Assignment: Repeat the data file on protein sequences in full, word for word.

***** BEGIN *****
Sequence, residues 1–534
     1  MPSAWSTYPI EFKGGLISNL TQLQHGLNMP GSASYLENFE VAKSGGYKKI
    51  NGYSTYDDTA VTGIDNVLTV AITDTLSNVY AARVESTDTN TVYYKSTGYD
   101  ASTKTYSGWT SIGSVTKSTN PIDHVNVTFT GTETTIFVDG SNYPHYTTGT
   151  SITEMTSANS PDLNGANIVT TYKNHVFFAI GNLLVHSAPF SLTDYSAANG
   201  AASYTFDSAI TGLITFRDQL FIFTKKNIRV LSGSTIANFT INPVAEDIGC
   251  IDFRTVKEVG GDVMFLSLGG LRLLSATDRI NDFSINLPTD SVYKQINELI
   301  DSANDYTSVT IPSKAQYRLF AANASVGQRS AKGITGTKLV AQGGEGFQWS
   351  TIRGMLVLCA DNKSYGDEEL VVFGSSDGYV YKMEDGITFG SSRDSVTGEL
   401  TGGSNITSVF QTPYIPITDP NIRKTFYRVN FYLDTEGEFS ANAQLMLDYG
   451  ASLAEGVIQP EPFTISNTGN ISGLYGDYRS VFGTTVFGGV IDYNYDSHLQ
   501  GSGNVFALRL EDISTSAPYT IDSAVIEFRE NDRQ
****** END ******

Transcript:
Sequence, residues 1–534
     1  MPSAWSTYPI EFKGGLISNL TQLQHGLNMP GSASYLENFE VAKSGGYKKI
    51  NGYSTYDDTA VTGIDNVLTV AITDTLSNVY AARVESTDTN TVYYKSTGYD
   101  ASTKTYSGWT SIGSVTKSTN PIDHVNVTFT GTETTIFVDG SNYPHYTTGT
   151  SITEMTSANS PDLNGANIVT TYKNHVFFAI GNLLVHSAPF SLTDYSAANG
   201  AASYTFDSAI TGLITFRDQL FIFTKKNIRV LSGSTIANFT INPVAEDIGC
   251  IDFRTVKEVG GDVMFLSLGG LRLLSATDRI NDFSINLPTD SVYKQINELI
   301  DSANDYTSVT IPSKAQYRLF AANASVGQRS AKGITGTKLV AQGGEGFQWS
   351  TIRGMLVLCA DNKSYGDEEL VVFGSSDGYV YKMEDGITFG SSRDSVTGEL
   401  TGGSNITSVF QTPYIPITDP NIRKTFYRVN FYLDTEGEFS ANAQLMLDYG
   451  ASLAEGVIQP EPFTISNTGN ISGLYGDYRS VFGTTVFGGV IDYNYDSHLQ
   501  GSGNVFALRL EDISTSAPYT IDSAVIEFRE NDRQ